The beginning of 2013 when I was chipping away at the first novels/books on these lists feels like half a lifetime ago, both in real time and in how long ago those books seem to be. Here is all that kept me busy – and out of trouble ;) – in 2013.
- * Lady Susan – a Jane Austen short story with one of the most deliciously despicable characters she’s ever created.
- Harper Lee’s To Kill a Mockingbird – finally read this classic
- Ally Condie’s Matched (my review) – I need to stop myself before I say more bad things about this one
- Kimberly Mccreight’s Reconstructing Amelia – a mother’s worst nightmare is if her child dies before she does; at first, Amelia’s death looks like a suicide but Kate receives a text message that reads “Amelia didn’t jump” and she investigates herself – the private school, the teenage circles, clues in personal messages and social media … I saw this on a reading list (Chatelaine?)
- Tanis Rideout’s Above All Things – if it’s any indication, I was telling anyone who would listen about this book and I rated it 5/5 on Shelfari – it was so exciting and sad and haunting.
- Hugh Howey’s Wool Omnibus – in a discussion somewhere on the Internet, someone referred to the great dystopic world that is Wool and someone else mentioned it got picked up for television/film so I was instantly intrigued; Wool is five parts and Shift Omnibus is the next three parts. I really didn’t know what I was getting myself into and was a bit disappointed to have to read about an uprising and I breezed through those parts. But Juliette and Lukas’ thread really fascinated me and their fate kept me reading to the end.
- Margaret Atwood’s Madaddam – released August 29, I got a library copy three weeks later and didn’t finish it within three weeks so I got the digital copy and finished it another three weeks later, with two weeks of travelling in the midst to occupy my time; I loved Oryx and Crake and didn’t understand The Year of the Flood. But this last installation in the trilogy tied it altogether and it really resonated and was full of hope.
- Helen Fielding’s Bridget Jones: Mad about The Boy – I didn’t hear about this third installment to the Bridget Jones story ahead of publication but only a few days after and I was then visiting London – what a perfect novel to pick up! But I didn’t end up finding it at a WHSmith on my last day in London and got it when I came back. Didn’t read the other two books and don’t really enjoy the style. It’s the first “mummy book’ I’ve allowed myself to read and the usual chick-lit “disasters” and awkward situations involve the small children. It was a cute way for the whole story to wrap up with a healthy dose of the new (social) media that has arisen since the last installment published in 2001!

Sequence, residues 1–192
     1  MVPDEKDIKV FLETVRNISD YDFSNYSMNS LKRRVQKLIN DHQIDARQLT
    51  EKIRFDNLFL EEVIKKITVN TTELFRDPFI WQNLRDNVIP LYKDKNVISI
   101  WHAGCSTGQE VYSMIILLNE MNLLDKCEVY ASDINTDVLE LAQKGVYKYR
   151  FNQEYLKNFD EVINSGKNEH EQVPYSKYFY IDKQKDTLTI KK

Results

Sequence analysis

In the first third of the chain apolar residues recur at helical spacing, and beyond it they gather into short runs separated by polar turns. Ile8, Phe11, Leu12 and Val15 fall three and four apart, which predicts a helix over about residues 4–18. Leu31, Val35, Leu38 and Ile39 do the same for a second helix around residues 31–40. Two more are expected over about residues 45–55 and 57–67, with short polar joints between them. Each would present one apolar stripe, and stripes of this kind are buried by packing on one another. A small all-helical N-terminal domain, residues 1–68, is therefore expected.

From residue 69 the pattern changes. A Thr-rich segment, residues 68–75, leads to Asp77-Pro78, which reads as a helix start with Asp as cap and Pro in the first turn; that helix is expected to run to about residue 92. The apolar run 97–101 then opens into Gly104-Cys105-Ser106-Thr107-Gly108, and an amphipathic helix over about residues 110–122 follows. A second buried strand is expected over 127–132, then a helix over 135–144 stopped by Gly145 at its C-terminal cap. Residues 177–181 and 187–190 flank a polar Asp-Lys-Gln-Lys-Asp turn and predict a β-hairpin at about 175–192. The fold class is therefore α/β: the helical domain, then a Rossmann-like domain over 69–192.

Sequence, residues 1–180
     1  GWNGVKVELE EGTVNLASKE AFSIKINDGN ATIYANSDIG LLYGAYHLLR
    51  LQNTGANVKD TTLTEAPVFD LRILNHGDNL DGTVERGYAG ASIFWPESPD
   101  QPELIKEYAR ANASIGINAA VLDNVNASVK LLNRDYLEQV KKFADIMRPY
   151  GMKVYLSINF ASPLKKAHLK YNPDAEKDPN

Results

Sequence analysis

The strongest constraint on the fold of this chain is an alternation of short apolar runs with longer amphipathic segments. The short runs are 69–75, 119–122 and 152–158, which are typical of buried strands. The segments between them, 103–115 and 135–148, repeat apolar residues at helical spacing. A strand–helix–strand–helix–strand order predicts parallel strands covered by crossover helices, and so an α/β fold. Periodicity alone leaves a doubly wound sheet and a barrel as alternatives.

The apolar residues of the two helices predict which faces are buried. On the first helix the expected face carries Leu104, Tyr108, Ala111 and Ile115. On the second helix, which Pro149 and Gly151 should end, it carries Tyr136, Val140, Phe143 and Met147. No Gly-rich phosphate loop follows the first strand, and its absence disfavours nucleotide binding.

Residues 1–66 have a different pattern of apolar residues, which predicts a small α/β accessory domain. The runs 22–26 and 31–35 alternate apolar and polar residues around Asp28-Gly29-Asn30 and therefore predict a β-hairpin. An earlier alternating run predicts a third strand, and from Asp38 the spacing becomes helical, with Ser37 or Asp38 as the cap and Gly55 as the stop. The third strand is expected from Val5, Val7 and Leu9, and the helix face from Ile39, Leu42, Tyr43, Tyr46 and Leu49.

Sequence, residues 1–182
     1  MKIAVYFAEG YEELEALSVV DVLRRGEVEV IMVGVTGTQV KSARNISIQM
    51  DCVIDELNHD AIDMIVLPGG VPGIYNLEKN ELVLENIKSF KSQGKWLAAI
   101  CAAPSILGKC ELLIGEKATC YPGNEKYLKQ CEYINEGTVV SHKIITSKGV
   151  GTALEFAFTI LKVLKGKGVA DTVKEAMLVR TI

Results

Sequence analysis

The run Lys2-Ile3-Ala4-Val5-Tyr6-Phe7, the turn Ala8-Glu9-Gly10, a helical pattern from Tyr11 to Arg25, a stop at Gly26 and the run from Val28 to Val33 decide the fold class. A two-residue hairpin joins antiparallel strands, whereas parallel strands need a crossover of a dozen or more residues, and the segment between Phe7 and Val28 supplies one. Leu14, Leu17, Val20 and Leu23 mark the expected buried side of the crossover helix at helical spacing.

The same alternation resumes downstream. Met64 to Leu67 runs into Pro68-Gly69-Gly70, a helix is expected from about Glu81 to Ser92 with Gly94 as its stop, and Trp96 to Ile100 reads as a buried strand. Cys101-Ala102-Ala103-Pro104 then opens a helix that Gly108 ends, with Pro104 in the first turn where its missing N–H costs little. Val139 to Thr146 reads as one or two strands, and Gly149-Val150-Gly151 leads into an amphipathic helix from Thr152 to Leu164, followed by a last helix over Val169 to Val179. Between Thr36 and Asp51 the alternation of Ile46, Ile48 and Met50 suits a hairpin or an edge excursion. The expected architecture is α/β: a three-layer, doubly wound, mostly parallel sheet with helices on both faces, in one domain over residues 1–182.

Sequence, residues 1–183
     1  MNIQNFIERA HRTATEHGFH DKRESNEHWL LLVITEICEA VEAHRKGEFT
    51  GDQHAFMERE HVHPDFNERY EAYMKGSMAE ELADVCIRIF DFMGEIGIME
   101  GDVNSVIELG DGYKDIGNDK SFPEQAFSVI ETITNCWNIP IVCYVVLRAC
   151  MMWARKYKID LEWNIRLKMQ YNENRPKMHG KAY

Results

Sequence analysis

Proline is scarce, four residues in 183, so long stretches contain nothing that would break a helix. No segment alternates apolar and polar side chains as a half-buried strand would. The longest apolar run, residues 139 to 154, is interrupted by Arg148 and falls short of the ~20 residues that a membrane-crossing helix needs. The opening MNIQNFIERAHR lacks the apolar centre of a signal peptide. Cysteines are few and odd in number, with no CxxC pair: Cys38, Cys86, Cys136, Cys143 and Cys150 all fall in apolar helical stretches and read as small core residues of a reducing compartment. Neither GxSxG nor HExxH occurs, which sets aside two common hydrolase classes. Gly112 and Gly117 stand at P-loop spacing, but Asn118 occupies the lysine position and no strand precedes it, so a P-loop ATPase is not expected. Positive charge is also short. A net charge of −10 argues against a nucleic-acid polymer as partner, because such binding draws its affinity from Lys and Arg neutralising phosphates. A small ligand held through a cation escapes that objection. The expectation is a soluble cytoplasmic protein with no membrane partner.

- Fiona Gibson’s Mum on the Run – (saw it in a UK bookstore for about 3-4£ but didn’t buy it)
Non-Asian American non-fiction
- Timber Hawkeye’s Buddhist Boot Camp (my review)
- Lucy Knisley’s Relish: My Life in the Kitchen – I heard about this book through someone I follow on Twitter and waited patiently to get it from the library; it’s really cute.
- Sheryl Sandberg’s Lean In: Women, Work, and the Will to Lead – I have to admit that I didn’t honestly think of reading this until Ms. Write asked on Twitter if anyone had read it and I couldn’t say I had… and why not? In part because it doesn’t feel the most relevant to someone in my position and also I’m in denial about my own self-sabotage and being part of the target group of women readers. It’s hard to believe it was only a 2013 publication because there was buzz already Marissa Mayer and Sheryl Sandberg but the “lean in” buzzword really took off after this was published.